What are p's in digital marketing?

With the rapid increase in popularity of YouTubers, companies are now paying them to sponsor their products by making unboxing videos. This is a good example of how you can share the features of your products with millions of customers. On your website, you can make your product stand out using indicative images. Companies like Apple and Dyson do an excellent job of this, using stunning visuals to promote the latest features of their products.

It may seem impossible that the distribution of a product can occur in a digital environment, however, some companies only rely on it. Uber, for example, has a lot of drivers waiting for the golden call through its app to pick up a passenger. The user can easily see where the driver is and can immediately contact him through this digital medium. With so many possibilities to promote your brand and products, why don't you start with digital? Have you ever liked a product so much that you shared your opinion on social media? This can also be classified as physical evidence because you are sharing your experiences with the public.

Many social influencers promote and review products, helping the customer make a decision during the buying process. Successful companies can generate additional sales through positive customer experiences. If a customer's experience is so good that they start shouting it on social media, the product or brand will promote itself. The four P's of marketing product, price, place, and promotion are often referred to as the marketing mix.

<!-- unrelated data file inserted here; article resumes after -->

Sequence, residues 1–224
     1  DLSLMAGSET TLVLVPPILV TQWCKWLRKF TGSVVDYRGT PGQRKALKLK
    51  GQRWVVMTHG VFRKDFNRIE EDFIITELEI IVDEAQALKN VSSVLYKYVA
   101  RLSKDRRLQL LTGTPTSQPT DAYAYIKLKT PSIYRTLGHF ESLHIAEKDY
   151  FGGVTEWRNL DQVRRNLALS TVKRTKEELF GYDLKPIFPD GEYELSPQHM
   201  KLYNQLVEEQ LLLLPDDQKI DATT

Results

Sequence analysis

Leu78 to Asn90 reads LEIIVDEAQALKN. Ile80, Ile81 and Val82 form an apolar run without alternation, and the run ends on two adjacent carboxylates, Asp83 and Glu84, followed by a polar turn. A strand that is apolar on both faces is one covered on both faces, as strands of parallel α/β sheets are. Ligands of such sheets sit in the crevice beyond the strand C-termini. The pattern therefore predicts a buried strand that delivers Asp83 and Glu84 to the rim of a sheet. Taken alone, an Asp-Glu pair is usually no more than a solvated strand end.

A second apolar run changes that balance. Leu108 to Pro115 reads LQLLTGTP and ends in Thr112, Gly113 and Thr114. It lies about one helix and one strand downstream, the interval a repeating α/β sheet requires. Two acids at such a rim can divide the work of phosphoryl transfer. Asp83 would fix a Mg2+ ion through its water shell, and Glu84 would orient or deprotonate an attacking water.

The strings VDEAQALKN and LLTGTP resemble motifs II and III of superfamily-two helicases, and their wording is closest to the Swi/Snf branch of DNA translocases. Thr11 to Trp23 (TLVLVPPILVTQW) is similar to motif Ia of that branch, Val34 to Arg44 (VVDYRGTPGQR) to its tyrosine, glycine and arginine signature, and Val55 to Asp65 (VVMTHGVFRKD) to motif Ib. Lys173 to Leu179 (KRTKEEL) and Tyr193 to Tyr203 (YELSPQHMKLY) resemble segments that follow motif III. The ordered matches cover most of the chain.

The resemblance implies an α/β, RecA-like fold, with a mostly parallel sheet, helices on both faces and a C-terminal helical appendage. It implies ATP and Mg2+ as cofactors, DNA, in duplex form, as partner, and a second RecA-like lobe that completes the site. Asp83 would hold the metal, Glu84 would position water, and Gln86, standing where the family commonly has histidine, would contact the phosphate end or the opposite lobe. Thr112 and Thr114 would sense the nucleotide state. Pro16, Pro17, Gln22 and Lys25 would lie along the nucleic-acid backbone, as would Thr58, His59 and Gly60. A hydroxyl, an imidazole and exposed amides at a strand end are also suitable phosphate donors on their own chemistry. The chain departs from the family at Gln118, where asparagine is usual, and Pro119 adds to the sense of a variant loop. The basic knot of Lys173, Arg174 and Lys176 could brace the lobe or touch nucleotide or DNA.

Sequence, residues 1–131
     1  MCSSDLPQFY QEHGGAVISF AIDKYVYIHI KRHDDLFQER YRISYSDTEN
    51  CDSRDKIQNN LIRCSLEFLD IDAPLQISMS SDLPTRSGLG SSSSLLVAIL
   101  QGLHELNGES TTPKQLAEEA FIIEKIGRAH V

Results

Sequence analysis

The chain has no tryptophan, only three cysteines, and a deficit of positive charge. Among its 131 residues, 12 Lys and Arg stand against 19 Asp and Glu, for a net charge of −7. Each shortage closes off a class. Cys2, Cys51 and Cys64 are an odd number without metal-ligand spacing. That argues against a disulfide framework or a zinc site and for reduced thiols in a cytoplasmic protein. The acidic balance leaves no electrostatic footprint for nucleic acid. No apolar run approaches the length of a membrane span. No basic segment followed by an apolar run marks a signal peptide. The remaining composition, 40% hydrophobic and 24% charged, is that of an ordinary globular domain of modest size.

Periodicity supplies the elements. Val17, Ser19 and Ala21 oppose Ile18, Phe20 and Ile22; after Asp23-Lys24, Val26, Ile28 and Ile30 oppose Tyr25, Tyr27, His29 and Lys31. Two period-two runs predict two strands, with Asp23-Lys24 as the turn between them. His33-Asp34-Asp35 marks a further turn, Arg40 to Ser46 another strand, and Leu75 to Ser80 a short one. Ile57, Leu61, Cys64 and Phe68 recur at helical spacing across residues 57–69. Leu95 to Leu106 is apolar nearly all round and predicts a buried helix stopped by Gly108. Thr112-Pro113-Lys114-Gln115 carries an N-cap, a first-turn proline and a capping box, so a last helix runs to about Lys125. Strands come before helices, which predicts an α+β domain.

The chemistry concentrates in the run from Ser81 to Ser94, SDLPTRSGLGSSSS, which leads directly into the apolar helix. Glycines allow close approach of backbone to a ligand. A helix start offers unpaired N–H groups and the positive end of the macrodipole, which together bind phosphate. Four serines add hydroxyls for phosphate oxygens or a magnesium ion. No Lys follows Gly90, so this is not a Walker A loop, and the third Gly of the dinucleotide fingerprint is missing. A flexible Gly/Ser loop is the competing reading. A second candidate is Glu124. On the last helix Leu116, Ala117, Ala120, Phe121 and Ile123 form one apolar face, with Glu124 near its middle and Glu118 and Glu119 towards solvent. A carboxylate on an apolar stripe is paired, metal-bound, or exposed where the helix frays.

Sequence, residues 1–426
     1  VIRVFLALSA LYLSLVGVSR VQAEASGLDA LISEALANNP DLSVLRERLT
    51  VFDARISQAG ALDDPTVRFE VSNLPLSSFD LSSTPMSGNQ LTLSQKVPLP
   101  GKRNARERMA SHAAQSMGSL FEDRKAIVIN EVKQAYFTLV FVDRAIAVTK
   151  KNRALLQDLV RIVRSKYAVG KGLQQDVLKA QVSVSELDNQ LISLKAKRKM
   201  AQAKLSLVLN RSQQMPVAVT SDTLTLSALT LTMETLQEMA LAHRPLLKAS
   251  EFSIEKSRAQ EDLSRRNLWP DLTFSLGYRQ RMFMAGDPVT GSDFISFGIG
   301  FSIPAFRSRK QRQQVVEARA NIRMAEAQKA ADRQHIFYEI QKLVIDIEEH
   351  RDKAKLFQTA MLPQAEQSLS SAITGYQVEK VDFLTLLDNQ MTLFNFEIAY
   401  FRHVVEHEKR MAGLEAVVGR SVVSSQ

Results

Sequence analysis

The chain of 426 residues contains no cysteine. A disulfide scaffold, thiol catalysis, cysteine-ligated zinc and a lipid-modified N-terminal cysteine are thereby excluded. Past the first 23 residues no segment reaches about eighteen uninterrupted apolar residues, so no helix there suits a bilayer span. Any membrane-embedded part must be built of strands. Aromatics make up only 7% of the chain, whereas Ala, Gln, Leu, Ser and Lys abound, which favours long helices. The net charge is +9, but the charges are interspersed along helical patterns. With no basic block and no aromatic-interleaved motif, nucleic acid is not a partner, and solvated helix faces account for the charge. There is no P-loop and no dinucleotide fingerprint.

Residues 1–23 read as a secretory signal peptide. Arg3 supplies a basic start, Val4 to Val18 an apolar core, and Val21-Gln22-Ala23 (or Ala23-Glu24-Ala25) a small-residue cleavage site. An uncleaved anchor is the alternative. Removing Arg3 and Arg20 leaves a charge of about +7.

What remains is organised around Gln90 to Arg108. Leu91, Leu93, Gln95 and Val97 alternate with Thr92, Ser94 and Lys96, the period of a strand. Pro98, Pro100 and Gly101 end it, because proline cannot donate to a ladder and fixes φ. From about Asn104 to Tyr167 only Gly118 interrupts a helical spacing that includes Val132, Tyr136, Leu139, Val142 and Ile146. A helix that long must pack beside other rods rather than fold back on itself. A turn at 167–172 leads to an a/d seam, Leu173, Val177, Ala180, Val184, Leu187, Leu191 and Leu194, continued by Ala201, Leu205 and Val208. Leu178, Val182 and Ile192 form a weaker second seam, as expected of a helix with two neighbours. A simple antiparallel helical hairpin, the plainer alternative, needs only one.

These are the key elements involved in the commercialization of a good or service, and they interact significantly with each other. Taking all these elements into account is one way to approach a holistic marketing strategy. The classic definition of marketing is simply “putting the right product in the right place, at the right price, at the right time”. It just so happens that SEO does a lot of good by default.

When a user performs a search it is certainly the right time, and a search engine is usually the right place. However, we also need to make sure that the product and price are correct, after all, there will be a lot of competition on the results page of that search engine. And of course, digital marketing is more than just search engines, no matter how important they are. Who are your customers? What are your objectives? What jobs do they have to do so that you can do better? What are your pains? Ultimately, how does your product help your customers? Understanding your customer and how your product relates to their needs is critical to pricing and promoting your product (or service).